27.9 The application of the nationally described space standards through policy H2 and the accessible and adaptable standards through policy D7 will help to ensure that new homes can adapt to a variety of requirements, and enable households to remain in their homes as their needs change. The emphasis in policy GI1 on supporting the multi-functionality and integration of the green infrastructure network will enable it to fulfil a wide range of roles, which may change over time depending on the pressures. The application of higher energy efficiency standards than required under current building regulations, set out in policy EG1, will reduce the need and expense of the retrofitting of buildings that will inevitably be required to respond to the challenges of climate change.
27.10 Although this plan covers the period up to 2037, and has been designed to be sufficiently flexible to respond to changing circumstances, it is likely that it will need to be updated well before its end date. There is a legal requirement to review a Local Plan at least every five years, starting with the date of adoption. The purpose of the review is to determine whether the plan or any of its policies needs to be updated, and if so then a timetable for that update should be set out in the city council’s Local Development Scheme.
27.11 In reviewing this plan, and also in determining whether reviews more frequent than every five years are required, the city council will take into account the results of the monitoring of the plan as described above. In particular, any major changes in the following are likely to be especially significant in deciding whether the plan needs to be reviewed or updated:
27.12 The decision to take forward the Salford Local Plan in two parts has narrowed its scope from that of earlier versions of the plan. The Salford Local Plan: Development Management Policies and Designations document will set the development management policies and protective designations that will provide a policy framework against which development proposals can be considered. It is not the role or purpose of this plan to consider the scale of development needs within the city or allocate land to deliver it.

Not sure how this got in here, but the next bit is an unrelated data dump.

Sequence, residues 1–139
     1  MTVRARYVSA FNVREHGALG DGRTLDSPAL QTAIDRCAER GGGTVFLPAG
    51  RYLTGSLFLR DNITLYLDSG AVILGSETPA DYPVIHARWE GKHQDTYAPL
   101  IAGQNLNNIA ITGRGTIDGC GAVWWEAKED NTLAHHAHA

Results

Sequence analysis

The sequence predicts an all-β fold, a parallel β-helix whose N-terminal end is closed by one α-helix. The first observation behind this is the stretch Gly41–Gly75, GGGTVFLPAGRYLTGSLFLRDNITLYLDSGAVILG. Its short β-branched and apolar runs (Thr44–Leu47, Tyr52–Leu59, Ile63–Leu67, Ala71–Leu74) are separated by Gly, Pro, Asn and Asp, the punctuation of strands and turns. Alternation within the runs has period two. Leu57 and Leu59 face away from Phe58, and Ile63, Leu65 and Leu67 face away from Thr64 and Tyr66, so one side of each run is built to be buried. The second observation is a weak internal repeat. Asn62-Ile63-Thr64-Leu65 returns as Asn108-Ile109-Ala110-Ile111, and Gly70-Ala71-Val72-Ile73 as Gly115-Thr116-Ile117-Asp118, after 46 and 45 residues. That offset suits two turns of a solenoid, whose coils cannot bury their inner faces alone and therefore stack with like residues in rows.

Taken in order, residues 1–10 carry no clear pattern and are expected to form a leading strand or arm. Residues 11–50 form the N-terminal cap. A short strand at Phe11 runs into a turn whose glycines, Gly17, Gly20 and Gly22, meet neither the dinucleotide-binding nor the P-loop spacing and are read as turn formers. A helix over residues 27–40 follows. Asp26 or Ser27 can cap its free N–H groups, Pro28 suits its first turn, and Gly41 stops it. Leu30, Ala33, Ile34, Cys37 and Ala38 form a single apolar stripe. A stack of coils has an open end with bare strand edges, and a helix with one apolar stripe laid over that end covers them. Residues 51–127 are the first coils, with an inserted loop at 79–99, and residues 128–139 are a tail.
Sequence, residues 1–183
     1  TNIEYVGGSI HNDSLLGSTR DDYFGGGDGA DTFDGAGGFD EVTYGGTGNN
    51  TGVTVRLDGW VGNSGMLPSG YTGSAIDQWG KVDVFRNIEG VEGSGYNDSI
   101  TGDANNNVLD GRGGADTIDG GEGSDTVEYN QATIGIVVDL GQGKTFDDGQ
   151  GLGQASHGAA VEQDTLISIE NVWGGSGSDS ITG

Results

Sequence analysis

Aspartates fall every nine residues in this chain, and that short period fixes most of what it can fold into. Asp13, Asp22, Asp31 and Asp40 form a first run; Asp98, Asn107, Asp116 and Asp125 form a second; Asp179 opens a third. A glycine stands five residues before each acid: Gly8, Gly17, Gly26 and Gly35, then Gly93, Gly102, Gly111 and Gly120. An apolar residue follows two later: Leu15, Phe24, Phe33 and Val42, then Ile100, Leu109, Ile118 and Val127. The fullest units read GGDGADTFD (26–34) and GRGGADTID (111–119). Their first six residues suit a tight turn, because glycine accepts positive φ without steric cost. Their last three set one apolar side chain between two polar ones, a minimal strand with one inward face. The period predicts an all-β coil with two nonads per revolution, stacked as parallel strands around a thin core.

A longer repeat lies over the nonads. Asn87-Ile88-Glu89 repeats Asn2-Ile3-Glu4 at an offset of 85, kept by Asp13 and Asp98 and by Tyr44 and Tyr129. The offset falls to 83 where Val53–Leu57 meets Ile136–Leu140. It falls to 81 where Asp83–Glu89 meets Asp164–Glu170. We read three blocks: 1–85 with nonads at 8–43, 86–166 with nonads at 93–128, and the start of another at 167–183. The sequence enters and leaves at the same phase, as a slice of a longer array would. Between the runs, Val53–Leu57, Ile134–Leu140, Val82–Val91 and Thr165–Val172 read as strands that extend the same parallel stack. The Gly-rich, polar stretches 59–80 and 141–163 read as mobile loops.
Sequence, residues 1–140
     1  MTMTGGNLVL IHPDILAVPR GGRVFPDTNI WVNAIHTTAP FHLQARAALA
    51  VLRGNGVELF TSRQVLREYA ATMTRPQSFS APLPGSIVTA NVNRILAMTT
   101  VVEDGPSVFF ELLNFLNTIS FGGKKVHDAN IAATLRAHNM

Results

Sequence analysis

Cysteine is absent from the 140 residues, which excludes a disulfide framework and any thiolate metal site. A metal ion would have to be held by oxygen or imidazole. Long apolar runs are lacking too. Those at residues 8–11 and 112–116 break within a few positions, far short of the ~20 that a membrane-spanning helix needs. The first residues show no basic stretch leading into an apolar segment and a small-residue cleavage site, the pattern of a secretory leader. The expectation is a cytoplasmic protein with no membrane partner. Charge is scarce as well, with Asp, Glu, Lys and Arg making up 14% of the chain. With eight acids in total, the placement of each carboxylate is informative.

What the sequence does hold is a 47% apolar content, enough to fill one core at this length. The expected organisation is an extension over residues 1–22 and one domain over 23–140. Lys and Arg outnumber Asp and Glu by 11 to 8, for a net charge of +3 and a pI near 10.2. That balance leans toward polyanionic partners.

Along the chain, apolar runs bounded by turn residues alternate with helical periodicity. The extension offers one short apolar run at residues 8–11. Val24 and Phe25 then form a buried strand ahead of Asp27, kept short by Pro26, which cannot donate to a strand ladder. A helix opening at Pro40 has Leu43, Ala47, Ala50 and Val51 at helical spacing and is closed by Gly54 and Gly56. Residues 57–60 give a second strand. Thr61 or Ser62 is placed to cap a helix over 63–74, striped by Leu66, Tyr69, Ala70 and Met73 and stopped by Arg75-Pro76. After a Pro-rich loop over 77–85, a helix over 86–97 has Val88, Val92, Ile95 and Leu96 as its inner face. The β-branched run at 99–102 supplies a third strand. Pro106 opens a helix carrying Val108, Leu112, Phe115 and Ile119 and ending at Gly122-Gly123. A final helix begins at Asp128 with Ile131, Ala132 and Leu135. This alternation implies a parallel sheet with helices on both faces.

Issues of development need and the allocation of land will instead be considered through the Greater Manchester Spatial Framework (GMSF) and the subsequent Salford Local Plan: Core Strategy and Allocations document. It is therefore possible that decisions taken through the GMSF and/or the second part of Salford’s Local Plan, could require the review of elements of this plan, including in respect of protective designations. The preparation of the Salford Local Plan: Core Strategy and Allocations document, following on from the GMSF, will provide an opportunity to consider any relevant issues in this regard.
27.13 The ‘duty to cooperate’ bodies, including neighbouring local authorities, will be involved in the review process . Any review of this plan will explain what has changed since it was adopted, whether this results in any issues for the implementation of the plan, and if such issues necessitate an update of the plan.
27.14 A proportionate approach to updating the plan will be taken. Any review is likely to identify some change of circumstances that would result in somewhat different policies if the plan were being rewritten. When such amendments would be significant, and are necessary to ensure a coherent and up-to-date planning framework for the city, then the plan will be updated. Where such amendments would be more minor in nature, then an update to the plan may not be considered proportionate, and any such decision will be regularly reviewed.
27.15 All Local Plan reviews will be published on the city council’s website. Where a review concludes that an update is required, the Local Development Scheme will be revised to include a timetable for that update.
 As set out in Regulation 4 of The Town and Country Planning (Local Planning) (England) Regulations 2012